These mountains include (from west to east) the Atlas, the Rif, the Baetic Cordillera, the Cantabrian Mountains, the Pyrenees, the Alps, the Apennine Mountains, the Dinaric Alps, the Hellenides, the Carpathians, the Balkan Mountains and the Rila-Rhodope massif, the Taurus, the Armenian Highlands, the Caucasus, the Alborz, the Zagros, the Hindu Kush, the Pamir, the Karakoram, and the Himalayas.

Mount Kazbek

KazbekMt. KazbekKazbeg
Only recently was the Caucasus a scene for intense volcanic activity: the Armenian highland was flooded by calc-alkaline basalts and andesites in the Pliocene and the highest summits of the Caucasus, the Elbrus, and the Kazbek, formed as Pleistocene-Pliocene volcanoes.
It is the third-highest peak in Georgia (after Mount Shkhara and Janga) and the seventh-highest summit in the Caucasus Mountains.

Dagestan

Republic of DagestanDaghestanDagestani
Clusters of seismicity occur in Dagestan and in northern Armenia.
Most of the Republic is mountainous, with the Greater Caucasus Mountains covering the south.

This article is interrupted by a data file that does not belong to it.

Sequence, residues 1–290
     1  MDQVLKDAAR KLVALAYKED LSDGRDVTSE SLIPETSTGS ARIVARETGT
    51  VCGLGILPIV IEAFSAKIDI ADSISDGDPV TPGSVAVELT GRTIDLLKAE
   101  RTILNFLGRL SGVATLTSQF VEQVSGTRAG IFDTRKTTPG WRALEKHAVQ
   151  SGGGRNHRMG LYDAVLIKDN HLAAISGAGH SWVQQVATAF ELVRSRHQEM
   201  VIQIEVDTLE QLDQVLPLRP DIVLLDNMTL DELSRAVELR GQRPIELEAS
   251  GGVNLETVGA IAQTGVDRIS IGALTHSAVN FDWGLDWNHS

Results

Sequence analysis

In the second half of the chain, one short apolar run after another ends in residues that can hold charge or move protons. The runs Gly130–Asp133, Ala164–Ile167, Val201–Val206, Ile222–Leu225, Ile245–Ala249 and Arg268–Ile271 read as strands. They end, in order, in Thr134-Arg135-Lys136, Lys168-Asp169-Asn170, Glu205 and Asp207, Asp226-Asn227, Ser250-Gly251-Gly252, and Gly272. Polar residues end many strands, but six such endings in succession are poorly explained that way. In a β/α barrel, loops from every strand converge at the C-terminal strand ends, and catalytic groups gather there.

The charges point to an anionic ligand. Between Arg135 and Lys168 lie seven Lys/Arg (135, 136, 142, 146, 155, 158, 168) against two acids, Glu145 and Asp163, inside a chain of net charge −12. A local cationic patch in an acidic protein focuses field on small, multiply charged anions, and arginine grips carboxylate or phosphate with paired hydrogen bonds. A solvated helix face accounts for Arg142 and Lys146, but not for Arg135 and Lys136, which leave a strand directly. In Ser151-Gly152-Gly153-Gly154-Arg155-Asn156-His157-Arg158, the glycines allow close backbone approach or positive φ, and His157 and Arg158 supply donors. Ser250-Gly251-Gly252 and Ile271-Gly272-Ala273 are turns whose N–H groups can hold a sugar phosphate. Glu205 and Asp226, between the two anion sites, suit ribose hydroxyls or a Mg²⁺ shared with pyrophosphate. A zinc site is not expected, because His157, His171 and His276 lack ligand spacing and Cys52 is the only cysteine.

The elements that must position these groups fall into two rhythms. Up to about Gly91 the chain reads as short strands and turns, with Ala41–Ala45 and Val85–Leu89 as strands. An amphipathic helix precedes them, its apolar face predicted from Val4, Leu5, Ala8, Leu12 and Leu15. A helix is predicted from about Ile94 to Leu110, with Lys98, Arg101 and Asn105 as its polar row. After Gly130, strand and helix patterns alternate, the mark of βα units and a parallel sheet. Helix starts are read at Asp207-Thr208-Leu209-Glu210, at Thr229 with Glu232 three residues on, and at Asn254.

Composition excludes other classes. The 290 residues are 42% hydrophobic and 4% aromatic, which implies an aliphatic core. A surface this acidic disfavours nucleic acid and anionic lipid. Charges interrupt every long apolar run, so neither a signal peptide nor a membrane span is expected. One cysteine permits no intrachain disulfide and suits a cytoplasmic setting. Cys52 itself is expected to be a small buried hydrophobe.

Ushba

Ushba is one of the most notable peaks of the Caucasus Mountains.

Shkhara

Mount Shkhara
With the exception of Shkhara, the heights are taken from Soviet 1:50,000 mapping.
The summit lies in the central part of the Greater Caucasus Mountain Range, to the south-east of Mount Elbrus, Europe's highest mountain.

Shota Rustaveli Peak

Pik Schota RustaveliShota Rustaveli
Shota Rustaveli (officially known as the Shota Rustaveli Peak) is a mountain in the central part of the Greater Caucasus Mountain Range, straddling the border of Svaneti (Georgia) and Kabardino-Balkaria (Russia).

Tetnuldi

Tetnuldi is a prominent peak in the central part of the Greater Caucasus Mountain Range, located in the Svaneti region of Georgia.

Gistola

Gestola
Gestola is a peak in the central part of the Greater Caucasus Mountain Range in Svaneti, Georgia.